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A survey of Canadian mid-sized businesses published for Business Continuity Awareness Week took the pulse of managers, owners and executives to find out what types of disasters they had encountered, and what their level of preparedness they felt they had in place.

The 2019 Business Continuity Survey – a poll of 500 businesses – was conducted between May 8-10 by Angus Reid Global for FirstOnSite Restoration, a Canadian company that has responded to every catastrophic event across the country over recent years.

When asked ‘has your business been interrupted by a disaster in the past five years’ –  winter storms and communication failure were the two highest culprits. One third of respondents had seen their business interrupted by a winter storm and one third had also seen business interruption by communications failure (server down for extended period, telco outage, etc.).

According to the survey, the top reasons that Canadian business were interrupted over the past five years are:

  • Winter storms (36 percent)
  • Communications failure (35 percent)
  • Mechanical flooding (8 percent)
  • Natural flooding (9 percent)
  • Fire (8 percent)
  • Wildfires (5 percent)
  • Hurricane or tornado (3 percent)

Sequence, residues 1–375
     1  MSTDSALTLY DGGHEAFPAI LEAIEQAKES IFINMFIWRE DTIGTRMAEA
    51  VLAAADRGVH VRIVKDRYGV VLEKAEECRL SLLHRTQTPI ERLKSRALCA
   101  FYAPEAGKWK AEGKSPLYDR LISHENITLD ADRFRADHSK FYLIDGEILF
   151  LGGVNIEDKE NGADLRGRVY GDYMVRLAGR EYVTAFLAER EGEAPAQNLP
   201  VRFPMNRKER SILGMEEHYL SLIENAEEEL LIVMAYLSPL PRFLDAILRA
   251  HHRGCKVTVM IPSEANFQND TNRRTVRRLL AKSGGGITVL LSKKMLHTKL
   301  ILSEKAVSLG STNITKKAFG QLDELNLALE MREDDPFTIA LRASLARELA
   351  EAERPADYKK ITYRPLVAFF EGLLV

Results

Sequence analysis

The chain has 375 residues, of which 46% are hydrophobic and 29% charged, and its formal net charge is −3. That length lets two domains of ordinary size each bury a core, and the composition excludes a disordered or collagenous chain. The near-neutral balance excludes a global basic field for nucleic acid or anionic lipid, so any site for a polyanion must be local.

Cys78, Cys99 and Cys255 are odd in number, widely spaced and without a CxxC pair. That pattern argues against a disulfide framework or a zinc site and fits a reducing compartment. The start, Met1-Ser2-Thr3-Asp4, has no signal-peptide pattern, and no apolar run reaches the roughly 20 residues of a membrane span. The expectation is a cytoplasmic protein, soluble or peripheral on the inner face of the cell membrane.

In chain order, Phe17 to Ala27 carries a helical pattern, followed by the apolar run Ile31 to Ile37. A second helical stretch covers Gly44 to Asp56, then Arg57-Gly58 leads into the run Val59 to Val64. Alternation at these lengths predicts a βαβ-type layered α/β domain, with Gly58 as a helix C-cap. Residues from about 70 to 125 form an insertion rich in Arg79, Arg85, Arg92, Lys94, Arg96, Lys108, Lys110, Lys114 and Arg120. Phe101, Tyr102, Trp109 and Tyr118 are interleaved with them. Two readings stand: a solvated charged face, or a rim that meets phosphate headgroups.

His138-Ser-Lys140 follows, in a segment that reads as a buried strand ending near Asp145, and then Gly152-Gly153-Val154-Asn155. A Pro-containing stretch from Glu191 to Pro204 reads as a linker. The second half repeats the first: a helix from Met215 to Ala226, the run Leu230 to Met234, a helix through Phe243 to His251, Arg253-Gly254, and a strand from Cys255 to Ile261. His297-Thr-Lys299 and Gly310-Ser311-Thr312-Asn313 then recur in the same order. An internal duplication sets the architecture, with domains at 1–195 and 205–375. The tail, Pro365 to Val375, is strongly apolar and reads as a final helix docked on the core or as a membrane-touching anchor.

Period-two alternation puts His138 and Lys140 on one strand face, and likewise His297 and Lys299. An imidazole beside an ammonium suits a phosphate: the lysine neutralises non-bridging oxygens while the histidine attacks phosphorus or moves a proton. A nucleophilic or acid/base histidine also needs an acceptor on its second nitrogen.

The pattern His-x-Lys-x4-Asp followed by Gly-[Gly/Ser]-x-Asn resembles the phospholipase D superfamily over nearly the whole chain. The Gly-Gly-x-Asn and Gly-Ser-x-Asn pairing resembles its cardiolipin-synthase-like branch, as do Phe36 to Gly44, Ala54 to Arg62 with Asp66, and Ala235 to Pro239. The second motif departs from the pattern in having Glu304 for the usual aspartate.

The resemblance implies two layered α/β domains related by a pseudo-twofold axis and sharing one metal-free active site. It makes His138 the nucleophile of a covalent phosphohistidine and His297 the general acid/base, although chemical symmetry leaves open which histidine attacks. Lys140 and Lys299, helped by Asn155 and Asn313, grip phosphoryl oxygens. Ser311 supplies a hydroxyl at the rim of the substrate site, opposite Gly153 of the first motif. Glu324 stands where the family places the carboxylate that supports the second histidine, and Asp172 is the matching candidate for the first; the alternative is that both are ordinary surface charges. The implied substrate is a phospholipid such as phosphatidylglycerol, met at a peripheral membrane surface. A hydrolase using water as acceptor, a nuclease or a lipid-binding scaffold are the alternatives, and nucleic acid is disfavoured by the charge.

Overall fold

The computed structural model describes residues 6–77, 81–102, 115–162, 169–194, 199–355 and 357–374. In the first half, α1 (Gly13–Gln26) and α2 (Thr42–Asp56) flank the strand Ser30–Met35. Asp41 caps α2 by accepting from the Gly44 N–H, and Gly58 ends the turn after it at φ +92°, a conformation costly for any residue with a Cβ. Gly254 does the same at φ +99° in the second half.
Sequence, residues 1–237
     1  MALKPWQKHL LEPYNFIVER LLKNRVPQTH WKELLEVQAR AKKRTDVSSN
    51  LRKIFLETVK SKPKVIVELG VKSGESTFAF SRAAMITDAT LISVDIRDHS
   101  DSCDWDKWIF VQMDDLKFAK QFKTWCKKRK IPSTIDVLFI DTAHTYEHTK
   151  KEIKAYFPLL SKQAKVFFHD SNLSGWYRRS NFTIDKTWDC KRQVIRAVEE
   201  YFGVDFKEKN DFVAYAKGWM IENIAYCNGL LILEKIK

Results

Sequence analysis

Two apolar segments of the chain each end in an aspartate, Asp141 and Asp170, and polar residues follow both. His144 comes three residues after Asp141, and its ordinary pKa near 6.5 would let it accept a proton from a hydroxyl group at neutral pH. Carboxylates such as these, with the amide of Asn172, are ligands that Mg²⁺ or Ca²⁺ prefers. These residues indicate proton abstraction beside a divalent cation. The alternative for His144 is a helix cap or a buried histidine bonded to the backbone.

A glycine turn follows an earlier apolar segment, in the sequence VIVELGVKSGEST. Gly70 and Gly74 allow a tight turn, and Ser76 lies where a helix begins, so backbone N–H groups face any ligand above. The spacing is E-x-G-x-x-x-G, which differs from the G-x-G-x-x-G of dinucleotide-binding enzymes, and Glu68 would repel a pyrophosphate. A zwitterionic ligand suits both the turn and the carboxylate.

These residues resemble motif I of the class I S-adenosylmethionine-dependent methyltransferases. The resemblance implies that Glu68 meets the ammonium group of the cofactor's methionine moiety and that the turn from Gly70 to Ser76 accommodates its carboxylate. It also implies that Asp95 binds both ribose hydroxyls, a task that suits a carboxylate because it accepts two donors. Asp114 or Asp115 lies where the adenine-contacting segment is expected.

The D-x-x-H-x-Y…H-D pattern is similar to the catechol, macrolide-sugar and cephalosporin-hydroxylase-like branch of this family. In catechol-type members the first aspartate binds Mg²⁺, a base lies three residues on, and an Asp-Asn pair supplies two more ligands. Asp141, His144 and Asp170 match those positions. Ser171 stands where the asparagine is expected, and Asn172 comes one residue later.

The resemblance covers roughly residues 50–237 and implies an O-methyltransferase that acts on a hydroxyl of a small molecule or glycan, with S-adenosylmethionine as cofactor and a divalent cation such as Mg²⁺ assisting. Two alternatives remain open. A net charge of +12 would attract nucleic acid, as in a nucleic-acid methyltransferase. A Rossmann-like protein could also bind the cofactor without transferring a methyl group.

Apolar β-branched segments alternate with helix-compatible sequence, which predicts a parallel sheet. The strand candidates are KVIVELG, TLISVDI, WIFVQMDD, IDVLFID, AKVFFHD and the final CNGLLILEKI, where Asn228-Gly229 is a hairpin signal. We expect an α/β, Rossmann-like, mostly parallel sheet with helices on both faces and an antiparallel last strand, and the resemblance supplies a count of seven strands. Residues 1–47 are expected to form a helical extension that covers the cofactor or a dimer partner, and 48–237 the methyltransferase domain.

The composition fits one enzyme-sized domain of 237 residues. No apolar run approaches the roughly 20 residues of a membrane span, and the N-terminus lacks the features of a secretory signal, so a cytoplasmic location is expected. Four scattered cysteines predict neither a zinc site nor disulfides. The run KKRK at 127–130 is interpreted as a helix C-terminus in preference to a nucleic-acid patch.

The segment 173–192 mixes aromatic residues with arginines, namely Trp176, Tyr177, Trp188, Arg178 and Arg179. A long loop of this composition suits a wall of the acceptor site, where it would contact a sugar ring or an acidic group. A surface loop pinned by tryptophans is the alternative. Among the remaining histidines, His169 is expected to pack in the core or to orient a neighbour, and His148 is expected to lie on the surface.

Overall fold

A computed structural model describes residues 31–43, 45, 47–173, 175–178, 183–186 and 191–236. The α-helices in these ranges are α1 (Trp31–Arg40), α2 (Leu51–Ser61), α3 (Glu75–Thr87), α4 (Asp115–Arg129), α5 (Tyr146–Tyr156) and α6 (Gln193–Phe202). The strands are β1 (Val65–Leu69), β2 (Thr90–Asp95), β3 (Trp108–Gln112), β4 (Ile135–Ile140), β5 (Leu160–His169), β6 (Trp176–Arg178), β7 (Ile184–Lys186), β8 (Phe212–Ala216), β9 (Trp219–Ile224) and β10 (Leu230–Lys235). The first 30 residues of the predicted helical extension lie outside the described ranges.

• Earthquake (1 percent).

When asked why their business is not more prepared to deal with future emergencies or disasters, the results were split:

  • One-in-four businesses (26 percent) say that their business is fully prepared to deal with future emergencies or disasters;
  • One-in-four businesses (26 percent) also responded that emergencies or disasters weren’t an urgent concern for their business;
  • 16 percent responded that their business wasn’t yet willing to spend time or money on this;
  • One-in-10 answered that their business has been putting this off, and one-in-10 also answered that they didn’t know enough about disaster preparedness.

How often do you review your business continuity plan?

Survey respondents were asked about how often they reviewed their business continuity plans. Once every year is the most common interval (30 percent) followed by every few years (14 percent), more than one per year (8 percent), and, surprisingly, never (6 percent). More than four-in-10 businesses either don’t have a business continuity plan (19 percent) or don’t know if they have one (24 percent).

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Business continuity can be defined as 'the processes, procedures, decisions and activities to ensure that an organization can continue to function through an operational interruption'. Read more about the basics of business continuity here.

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